Monday, May 27, 2013

My journey of grief Part IV Why I posted these blogs about my daughter's death

On May 24 it will be thirteen years since my daughter Christine died.  For several years I considered writing about my reaction to her dying and death.  I resisted because death is a private, painful  matter, too personal to air publicly.   But then I changed my mind and published  these excerpts from journal entries over a year’s time to show what had taken place within me during that period.

Death  and dying needs more openness.

Too  often I hear that a funeral “brings closure” to a loved one's  death, whether from natural causes, accident, or illness.  The assumption is that in a matter of days,  after the official rites have been held, mourners can get back to everyday  living and the huge hole caused by the death will close over. 

I want to shout loudly: Not true!

Grief is a journey, sometimes a long journey.  That death becomes  part of the mourner’s life. It can’t be dispensed with quickly like the wilted flowers after the funeral service is over.  It lingers in the soul,  leaving and returning,  bringing  pleasant memories, but also the hurt in the soul. Death should never disable a person permanently.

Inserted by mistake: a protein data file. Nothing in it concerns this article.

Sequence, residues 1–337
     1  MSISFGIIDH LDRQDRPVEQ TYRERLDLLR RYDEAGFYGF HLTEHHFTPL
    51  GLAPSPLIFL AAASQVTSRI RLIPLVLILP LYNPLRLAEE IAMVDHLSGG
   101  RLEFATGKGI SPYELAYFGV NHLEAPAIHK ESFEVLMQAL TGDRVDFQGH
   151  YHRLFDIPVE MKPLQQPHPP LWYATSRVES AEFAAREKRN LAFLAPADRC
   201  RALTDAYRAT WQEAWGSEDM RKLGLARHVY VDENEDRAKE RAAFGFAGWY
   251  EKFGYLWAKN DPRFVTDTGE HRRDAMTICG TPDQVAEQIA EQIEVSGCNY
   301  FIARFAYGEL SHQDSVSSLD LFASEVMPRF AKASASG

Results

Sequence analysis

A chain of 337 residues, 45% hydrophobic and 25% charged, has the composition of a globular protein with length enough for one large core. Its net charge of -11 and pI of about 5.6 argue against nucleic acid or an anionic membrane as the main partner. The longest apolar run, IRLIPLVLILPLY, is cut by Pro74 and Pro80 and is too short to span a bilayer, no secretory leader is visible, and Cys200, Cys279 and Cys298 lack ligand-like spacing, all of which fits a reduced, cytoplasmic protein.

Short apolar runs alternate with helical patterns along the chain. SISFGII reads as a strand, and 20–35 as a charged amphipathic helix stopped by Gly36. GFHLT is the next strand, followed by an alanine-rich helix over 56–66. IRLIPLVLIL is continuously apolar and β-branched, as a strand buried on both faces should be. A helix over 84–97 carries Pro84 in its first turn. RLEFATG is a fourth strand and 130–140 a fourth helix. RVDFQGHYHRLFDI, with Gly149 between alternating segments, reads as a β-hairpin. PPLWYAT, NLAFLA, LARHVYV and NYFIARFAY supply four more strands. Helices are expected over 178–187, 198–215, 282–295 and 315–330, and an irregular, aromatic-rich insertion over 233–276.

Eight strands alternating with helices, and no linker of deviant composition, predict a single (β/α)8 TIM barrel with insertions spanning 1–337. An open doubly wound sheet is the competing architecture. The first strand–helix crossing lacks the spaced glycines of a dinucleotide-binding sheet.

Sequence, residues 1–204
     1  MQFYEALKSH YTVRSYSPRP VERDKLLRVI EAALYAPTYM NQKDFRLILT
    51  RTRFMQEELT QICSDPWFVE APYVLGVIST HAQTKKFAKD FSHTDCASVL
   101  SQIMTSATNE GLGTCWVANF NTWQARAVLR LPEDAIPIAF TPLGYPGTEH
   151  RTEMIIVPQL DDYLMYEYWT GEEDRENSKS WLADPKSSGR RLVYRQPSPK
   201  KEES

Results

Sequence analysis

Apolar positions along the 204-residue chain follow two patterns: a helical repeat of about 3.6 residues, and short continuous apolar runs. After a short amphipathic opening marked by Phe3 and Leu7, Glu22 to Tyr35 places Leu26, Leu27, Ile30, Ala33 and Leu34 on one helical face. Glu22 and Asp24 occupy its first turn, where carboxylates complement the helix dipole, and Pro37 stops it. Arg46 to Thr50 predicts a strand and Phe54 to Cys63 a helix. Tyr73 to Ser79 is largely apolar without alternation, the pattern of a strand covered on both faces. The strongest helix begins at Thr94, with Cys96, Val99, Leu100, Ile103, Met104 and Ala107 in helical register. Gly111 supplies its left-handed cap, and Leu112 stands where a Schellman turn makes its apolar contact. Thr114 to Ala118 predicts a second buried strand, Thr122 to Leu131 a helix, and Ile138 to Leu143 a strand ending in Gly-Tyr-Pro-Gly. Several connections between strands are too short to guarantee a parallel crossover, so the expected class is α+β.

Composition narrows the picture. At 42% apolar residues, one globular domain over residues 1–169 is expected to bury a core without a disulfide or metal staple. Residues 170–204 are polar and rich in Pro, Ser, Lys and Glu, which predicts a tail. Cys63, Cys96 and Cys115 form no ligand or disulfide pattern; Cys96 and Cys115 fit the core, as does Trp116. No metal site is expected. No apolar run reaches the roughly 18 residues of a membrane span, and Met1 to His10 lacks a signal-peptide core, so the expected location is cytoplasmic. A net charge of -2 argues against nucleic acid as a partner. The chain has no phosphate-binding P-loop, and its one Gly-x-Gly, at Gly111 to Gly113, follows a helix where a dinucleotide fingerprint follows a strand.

In our society death is a taboo subject, except in jest, like “kicking the bucket,”  Some people cannot get themselves to say, “Mother died,” as if  death  is a four-letter word. Instead I hear, “My mother is deceased,”  or “My mother passed on.”  Never “Mother is dead.”

Some mornings I check the  newspaper to find out how the obituaries announce a death: “Mother .... went home to Jesus,” “went to be with the Lord,”  “entered eternal life,” “flew to her eternal home.”  Few people die anymore.  “Passed away” is the most frequently used term and is easier for some to say than “Mother died.”   Death seems so final, so they turn to euphemisms like “my mother is deceased”   to make death seem less certain.

While the language of death is becoming vaguer and more reticent, the language and depiction of sexual relationships is becoming bolder and more detailed. Necklines are plunging deeper and deeper, plumbers’ cracks becoming more visible as are ads with men in bulging briefs or facing a urinal. 

“Breast” and “leg,”  taboo words in Victorian times, brought  into usage vaguer terms like  “chest” and “lower limbs." No vagueness today.  Today we get the full frontal view. It seems urgent to get as naked as possible in public.

In the Victorian age death was an everyday occurrence for a population whose life expectancy was in the early forties.   People expected to die. They knew they would die. They saw it happening all around them. Infectious disease was rampant, medical care mediocre and infrequent.  Death was a daily fact of life.